There are restrictions in more jurisdictions on who can fund a new business venture and how much they are allowed to contribute. The regulations are meant to protect the not-so-wealthy investors and not put much of their savings at risk. Most new businesses fail, and there is a huge risk of losing their principal.

Crowdfunding is relatively new in Singapore, but it is regulated by the Monetary Authority of Singapore (MAS) under the Securities and Futures Act (Cap.298) and the Financial Advisers Act (Cap.110).

Crowdfunding offers entrepreneurs an opportunity to raise a lot of funds from accredited investors. It provides a platform for anyone with a viable business idea to pitch to potential investors. Different types of crowdfunding depend on the relationship between the entrepreneur and the investor.

Types of Crowdfunding

1. Lending-Based Crowdfunding

Also known as peer-to-peer lending, lending-based crowdfunding involves individuals lend money to a business. In this case, the recipient company must pay back the money with the pre-agreed interest and at a predefined time.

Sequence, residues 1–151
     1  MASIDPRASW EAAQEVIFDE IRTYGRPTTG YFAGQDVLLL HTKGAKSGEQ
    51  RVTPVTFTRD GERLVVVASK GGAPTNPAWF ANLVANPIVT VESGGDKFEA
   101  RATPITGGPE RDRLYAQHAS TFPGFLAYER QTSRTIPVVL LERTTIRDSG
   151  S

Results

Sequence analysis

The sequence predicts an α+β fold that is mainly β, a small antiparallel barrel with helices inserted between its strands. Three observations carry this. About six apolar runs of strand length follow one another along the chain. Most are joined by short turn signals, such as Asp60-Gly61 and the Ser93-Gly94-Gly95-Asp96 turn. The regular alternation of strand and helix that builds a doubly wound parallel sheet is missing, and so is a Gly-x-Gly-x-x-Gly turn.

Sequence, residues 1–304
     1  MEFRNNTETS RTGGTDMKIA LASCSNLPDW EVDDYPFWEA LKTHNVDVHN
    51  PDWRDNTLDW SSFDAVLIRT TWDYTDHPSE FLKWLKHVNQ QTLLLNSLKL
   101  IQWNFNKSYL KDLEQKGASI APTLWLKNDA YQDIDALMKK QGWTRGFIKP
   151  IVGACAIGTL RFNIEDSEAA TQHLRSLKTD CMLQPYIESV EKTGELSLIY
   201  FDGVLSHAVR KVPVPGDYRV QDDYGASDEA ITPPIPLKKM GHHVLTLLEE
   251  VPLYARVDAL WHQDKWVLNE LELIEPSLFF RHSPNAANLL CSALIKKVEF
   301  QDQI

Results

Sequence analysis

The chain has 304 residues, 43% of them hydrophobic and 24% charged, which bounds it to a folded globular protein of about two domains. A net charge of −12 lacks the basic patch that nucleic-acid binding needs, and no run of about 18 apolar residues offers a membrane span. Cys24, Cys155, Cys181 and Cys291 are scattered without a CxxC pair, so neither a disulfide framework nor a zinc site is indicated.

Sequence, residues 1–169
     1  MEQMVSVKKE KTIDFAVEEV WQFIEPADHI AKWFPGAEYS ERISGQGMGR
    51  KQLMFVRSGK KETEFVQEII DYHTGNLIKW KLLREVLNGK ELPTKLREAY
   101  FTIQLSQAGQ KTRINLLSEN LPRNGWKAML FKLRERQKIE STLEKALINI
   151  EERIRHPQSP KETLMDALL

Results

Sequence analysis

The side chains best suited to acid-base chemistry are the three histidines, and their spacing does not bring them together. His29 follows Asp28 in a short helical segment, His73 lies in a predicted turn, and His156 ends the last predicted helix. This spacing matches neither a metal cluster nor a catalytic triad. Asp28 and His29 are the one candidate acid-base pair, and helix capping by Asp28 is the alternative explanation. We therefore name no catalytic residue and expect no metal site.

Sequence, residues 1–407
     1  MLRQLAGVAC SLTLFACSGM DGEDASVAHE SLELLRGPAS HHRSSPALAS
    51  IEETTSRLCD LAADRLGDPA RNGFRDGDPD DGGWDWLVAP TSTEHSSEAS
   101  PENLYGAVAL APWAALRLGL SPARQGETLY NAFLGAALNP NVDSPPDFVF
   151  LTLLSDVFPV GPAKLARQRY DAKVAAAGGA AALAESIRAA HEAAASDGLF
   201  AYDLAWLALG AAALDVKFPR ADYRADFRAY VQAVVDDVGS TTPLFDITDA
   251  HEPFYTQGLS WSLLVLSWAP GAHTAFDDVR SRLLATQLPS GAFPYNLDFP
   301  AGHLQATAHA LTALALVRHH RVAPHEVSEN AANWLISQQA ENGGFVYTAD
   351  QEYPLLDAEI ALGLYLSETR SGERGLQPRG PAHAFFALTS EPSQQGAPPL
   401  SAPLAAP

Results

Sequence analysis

The lending process occurs on crowdfunding platforms such as InvestaCrowd, Fundnel, and FundedHere. The company appealing for funding should offer debentures as security. These appeals are subject to a prospectus requirement that involves registering a prospectus with MAS.

2. Equity-Based Crowdfunding

Equity-based crowdfunding is a type of crowdfunding that involves contributing the company’s capital and receiving equity shares that give you the right to participate in the company’s future profits. It is similar to the initial offering in the stock market, only that the company is listed as private.